Alexa Senior Living

Amazon Opens $45,000 Alexa Skills for Seniors Competition

Amazon has launched a contest offering $45,000 in prizes to the developer of the best Alexa skill for people over 55. The competition was announced at this year’s Alexa Live event and is open to any Alexa developers interested in creating a skill for older people living independently or in senior living communities.

Senior Alexa

The contest follows Amazon’s rollout last fall of an Alexa Smart Properties program designed for senior living communities. The system enables administrators to manage the communities via Alexa, much as the voice assistant does in hotels and theme parks. Alexa Smart Properties created the senior living variation to help streamline setting up and managing these systems and set a foundation to build Alexa skills aimed at older people. Patients or long-term guests Community members can use Echo smart speakers or other Alexa-enabled devices to pull up schedules or menus and call the management. The platform can serve as the basis of HIPAA-eligible Alexa skills built by the organizers or the developers competing in the new contest.

“We are inviting all developers, designers and tech-for-good enthusiasts to build Alexa experiences for the age 55-plus population,” Alexa director of B2B and developer engagement Kelly Wenzel said in announcing the contest. “This is your opportunity to build delightful Alexa skills for this large and diverse older adult cohort and compete for more than $45,000 in prizes. We’ll share more information on the developer portal soon.”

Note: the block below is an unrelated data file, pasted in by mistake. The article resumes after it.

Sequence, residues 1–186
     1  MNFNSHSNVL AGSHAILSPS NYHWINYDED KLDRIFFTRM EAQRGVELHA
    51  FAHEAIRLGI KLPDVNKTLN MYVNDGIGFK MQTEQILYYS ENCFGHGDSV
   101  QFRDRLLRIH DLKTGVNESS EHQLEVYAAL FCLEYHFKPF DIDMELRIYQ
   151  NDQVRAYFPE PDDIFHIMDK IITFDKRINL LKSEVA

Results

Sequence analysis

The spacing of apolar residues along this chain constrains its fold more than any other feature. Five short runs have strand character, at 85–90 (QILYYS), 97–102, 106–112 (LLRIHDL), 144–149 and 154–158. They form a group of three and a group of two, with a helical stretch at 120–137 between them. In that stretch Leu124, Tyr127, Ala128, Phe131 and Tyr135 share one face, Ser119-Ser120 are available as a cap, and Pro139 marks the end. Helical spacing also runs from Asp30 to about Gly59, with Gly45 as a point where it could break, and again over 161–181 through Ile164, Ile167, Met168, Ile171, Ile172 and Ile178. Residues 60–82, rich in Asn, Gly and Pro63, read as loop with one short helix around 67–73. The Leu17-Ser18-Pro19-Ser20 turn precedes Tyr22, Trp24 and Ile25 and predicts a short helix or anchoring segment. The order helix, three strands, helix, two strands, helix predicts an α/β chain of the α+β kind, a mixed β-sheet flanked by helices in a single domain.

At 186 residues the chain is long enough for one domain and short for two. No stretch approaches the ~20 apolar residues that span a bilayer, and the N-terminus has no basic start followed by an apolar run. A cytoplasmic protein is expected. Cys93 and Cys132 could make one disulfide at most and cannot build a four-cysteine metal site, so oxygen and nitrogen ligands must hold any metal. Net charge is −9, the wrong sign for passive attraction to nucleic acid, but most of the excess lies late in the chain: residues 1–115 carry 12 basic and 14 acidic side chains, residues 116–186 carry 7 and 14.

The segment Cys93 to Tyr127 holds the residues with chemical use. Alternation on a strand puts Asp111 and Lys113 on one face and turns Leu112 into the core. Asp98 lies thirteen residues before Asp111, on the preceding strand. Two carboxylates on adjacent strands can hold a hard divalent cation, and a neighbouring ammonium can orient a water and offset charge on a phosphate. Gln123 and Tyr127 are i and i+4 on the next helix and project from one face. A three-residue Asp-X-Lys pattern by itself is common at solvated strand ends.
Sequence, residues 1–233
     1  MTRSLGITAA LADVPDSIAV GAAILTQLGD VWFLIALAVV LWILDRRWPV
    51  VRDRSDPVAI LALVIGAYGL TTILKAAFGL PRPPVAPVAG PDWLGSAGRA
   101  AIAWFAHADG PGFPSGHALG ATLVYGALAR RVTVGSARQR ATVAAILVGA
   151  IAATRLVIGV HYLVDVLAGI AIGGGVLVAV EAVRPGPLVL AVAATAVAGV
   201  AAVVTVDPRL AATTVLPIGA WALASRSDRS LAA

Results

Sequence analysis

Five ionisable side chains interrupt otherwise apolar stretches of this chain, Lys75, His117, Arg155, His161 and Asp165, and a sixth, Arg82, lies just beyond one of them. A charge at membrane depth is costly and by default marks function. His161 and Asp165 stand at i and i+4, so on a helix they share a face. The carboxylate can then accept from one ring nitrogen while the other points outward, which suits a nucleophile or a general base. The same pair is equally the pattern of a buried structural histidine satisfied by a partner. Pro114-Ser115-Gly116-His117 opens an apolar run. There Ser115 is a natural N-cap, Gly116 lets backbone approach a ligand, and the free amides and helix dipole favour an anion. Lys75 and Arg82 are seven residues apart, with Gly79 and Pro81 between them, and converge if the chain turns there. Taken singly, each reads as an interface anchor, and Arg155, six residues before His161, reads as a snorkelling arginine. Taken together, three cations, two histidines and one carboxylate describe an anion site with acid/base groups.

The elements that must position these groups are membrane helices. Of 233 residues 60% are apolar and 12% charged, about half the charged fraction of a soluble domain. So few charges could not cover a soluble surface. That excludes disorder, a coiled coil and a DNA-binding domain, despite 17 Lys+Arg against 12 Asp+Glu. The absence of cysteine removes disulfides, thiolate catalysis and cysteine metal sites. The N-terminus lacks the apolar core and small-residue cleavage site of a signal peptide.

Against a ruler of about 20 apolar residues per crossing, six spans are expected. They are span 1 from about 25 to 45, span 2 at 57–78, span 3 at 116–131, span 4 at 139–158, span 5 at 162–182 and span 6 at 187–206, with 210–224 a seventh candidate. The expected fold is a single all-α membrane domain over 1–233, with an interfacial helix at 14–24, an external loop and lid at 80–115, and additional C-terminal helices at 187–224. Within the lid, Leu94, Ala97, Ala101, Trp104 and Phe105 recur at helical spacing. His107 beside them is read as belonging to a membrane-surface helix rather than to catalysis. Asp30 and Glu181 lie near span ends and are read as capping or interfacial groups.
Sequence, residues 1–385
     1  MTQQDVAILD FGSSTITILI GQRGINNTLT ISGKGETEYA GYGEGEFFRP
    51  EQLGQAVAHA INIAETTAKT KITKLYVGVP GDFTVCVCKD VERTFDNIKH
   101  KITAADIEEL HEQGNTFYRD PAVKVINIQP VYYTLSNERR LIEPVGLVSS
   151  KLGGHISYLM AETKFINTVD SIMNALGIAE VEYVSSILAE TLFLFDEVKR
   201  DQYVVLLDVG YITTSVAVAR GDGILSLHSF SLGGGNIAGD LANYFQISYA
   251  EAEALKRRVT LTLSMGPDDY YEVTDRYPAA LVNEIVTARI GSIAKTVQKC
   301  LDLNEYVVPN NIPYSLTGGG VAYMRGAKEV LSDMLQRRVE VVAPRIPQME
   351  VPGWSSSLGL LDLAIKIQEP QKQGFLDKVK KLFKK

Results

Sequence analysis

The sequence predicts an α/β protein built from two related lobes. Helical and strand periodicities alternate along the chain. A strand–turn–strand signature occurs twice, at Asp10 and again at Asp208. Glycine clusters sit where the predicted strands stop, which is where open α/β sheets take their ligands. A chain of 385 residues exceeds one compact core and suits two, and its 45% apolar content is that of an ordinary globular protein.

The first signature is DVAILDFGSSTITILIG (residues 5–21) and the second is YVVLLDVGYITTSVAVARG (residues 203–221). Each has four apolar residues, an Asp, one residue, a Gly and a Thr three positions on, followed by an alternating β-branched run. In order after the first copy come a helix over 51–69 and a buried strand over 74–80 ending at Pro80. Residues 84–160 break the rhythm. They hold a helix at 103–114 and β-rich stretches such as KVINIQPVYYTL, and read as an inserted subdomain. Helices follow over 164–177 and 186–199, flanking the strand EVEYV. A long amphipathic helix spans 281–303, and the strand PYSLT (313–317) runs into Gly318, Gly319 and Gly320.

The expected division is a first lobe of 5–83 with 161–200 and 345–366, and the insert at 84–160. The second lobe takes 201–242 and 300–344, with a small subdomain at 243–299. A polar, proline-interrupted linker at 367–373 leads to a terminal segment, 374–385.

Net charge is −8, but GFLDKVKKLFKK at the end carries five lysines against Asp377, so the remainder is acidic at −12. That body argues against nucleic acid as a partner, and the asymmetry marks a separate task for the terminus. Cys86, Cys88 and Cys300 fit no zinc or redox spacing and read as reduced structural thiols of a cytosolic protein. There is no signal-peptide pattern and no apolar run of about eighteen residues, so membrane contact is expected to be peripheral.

Voice apps and related experiences are increasingly in demand for seniors regardless of their living situation as the tech becomes more ubiquitous and better adapted to the needs and interests of older people. That’s why the New York State Office for the Aging (NYSOFA). recently gave out free ElliQ robot companions from Intuition Robotics to 800 older adults living independently and why Minnesota nursing homes have begun experimenting with using AI-powered robots as care assistants. Amazon has been eager to take a leading role in the trend. For instance, the company introduced the Alexa Care Hub to enable people from one home to consensually use a loved one’s Alexa-enabled smart device to keep track of their activity and serve as an emergency contact for Alexa to call. The Alexa Together tool soon followed, adding an optional Remote Assist feature to set and share reminders and shopping lists.

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